A recent study finds that millions of Americans are seeking out and finding online cannabis retailers, even if they reside in states that haven’t legalized the drug, whether of legal age or not. Buying marijuana products requires little more than a Google search and the click of a mouse, no matter who you are or where you live. Our findings were combined with other sources including several universities that monitored Google searches and trends in the United States for queries made between 2005 and 2018, looking for patterns in search trends relating to cannabis products. The SP+GTM algorithm conducted searches containing common terms for cannabis, including “marijuana,” “weed,” “cannabis,” and “pot,” combined with the words like “buy,” “shop,” “order,” and others. They eliminated irrelevant search queries such as “buy weed killer,” "pothead," and others. With shared data queries, the algorithm replicated the searches to determine what sites showed on the first page of the search engine results. Forty-six percent of all search results for these queries were related to retailers offering to mail-order marijuana, usually promising delivery to U.S. customers using a variety of shipping services, including private couriers, the U.S. Postal Service, and UPS. Four out of every five search queries showed cannabis delivery services on the first page of results. In conclusion, anyone, including teenagers, can search for and buy marijuana from their smartphone regardless of where the inquiry took place. Overall, marijuana shopping searches increased in the United States by nearly 430% between 2005 and 2018, with the highest number of searches originating from California, Washington, Colorado, Oregon, and Nevada and other states that have legalized recreational marijuana sales in recent years. Notwithstanding the fact, online sales of the drug are illegal, even in these states that have legalized or partially legalized it. At the basic evidence gathering level, it suggests that state and local regulations are wanting, and not being properly administered or regulated. Failed enforcement has given the black marketeers a perfect cover to conduct their illegal trade with impunity. Our algorithm compilation suggests that states authorize a commission to cause the registration of all legally sanctioned providers and licensors, and that agency alone is the only legal body to allow search engines to include their names. Thus, the service providers would have these illegal retailers removed from search engines as a means to curb prohibited sales. Without such a commission, the consequences would foster an uneven playing field, materially reduce viability of legally authorized companies and allow black marketeers to control the online market.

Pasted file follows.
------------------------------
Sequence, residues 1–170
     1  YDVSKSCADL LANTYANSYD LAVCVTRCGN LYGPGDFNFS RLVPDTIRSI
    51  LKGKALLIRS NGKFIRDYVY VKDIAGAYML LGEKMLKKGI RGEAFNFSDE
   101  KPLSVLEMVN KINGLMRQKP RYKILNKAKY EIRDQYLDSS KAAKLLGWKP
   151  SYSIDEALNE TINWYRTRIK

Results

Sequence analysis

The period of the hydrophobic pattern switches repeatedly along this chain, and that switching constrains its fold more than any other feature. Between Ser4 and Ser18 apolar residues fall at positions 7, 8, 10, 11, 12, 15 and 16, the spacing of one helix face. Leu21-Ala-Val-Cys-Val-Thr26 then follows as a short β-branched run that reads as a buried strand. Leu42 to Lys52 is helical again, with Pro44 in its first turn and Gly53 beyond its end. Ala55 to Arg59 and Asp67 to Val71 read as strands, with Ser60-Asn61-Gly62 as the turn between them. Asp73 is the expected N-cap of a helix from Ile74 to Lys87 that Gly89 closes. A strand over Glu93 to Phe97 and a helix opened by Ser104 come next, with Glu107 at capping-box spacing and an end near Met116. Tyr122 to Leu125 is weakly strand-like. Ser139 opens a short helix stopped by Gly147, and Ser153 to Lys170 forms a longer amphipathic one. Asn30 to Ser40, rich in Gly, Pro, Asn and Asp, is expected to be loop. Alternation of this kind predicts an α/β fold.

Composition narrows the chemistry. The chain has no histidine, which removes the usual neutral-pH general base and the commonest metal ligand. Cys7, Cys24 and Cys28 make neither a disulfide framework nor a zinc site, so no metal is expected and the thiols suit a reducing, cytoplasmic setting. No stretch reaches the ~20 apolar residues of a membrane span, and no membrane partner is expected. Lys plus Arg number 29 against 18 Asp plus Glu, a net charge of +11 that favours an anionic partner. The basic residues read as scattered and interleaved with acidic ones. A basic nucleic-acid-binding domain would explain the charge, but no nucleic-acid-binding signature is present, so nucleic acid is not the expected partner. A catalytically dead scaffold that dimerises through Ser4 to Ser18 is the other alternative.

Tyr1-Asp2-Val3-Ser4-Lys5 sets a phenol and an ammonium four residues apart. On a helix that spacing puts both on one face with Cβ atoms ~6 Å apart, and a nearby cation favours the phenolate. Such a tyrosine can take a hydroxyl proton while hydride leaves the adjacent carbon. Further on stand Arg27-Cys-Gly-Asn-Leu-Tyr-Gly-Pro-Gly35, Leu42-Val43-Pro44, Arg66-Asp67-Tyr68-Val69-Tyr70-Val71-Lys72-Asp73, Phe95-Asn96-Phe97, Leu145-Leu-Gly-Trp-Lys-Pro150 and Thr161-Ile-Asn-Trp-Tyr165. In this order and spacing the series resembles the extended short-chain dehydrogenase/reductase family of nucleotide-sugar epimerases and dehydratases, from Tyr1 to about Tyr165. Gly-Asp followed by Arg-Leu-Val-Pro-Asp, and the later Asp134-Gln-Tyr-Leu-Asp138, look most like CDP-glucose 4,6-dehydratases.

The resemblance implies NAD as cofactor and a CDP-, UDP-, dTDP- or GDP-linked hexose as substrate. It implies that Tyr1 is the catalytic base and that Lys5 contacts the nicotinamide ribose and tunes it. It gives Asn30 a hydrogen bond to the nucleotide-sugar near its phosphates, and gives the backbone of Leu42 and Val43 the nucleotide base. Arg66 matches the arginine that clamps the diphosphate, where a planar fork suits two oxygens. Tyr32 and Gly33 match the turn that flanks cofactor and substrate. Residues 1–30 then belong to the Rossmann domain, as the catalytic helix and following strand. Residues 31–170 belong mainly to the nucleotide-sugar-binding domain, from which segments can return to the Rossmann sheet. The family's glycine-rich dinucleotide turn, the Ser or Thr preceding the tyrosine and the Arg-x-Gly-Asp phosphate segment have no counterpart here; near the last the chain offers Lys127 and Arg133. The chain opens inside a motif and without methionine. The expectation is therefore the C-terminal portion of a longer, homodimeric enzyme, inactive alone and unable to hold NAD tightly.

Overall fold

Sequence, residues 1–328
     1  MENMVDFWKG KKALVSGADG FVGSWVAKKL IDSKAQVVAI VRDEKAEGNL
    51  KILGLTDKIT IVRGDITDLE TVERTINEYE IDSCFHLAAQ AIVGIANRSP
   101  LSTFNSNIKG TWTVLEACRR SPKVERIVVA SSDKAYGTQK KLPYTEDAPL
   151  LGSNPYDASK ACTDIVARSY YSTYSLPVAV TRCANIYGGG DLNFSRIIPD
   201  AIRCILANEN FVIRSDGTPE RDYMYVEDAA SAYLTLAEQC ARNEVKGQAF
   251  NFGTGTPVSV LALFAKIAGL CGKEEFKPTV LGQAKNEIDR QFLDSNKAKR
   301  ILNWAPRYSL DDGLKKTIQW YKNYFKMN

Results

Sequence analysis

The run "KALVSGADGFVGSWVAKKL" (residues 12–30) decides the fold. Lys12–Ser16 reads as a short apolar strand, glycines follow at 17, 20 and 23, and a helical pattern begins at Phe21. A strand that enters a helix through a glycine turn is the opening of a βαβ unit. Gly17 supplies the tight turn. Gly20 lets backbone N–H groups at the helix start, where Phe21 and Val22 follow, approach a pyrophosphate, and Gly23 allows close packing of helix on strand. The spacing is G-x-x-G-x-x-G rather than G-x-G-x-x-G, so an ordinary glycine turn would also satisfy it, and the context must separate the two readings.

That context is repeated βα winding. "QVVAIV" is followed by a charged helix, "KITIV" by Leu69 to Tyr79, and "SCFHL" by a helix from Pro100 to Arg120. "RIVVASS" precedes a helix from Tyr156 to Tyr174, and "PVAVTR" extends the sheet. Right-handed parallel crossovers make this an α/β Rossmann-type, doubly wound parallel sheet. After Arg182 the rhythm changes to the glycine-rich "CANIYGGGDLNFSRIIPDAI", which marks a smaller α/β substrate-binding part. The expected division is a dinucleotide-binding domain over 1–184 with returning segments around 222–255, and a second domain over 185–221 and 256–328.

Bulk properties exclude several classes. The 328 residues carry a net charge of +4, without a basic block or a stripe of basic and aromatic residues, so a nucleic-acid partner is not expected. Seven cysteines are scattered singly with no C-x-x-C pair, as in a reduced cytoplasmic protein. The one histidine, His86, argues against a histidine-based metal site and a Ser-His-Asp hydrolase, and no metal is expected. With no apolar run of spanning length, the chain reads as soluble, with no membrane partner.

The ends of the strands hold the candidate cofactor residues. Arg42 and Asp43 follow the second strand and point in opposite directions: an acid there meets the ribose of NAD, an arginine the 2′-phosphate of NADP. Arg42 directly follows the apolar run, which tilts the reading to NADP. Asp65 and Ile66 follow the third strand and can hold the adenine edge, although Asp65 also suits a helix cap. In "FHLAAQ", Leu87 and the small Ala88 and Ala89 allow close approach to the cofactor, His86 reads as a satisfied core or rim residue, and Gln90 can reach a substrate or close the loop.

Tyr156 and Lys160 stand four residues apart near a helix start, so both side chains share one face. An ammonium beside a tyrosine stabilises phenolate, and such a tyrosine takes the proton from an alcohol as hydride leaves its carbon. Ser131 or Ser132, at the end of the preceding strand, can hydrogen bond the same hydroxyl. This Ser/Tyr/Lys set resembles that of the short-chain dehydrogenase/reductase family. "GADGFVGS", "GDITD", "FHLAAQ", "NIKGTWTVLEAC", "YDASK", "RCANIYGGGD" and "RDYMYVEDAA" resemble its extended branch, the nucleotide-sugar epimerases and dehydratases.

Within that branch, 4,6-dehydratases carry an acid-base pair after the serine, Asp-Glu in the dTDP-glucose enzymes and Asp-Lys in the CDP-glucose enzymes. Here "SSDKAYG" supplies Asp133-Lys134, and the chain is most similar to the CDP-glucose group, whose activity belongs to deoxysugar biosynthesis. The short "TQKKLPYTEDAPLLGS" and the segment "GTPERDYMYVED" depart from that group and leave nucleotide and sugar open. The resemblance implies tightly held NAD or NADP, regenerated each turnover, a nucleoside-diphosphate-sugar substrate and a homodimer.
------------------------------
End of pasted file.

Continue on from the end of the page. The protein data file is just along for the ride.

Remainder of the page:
Indeed, children could obtain marijuana online without safeguards to protect them. States that have legalized marijuana might not be able to collect taxes to offset the public health costs of legal marijuana from online retailers, and the instant online availability of marijuana could increase marijuana dependence among all age groups.
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FJ Cannabis follows three rules, do the right thing, do the best you can and always show people you care. Why make the cannabis industry look bad when an easy fix makes the internet a safer place?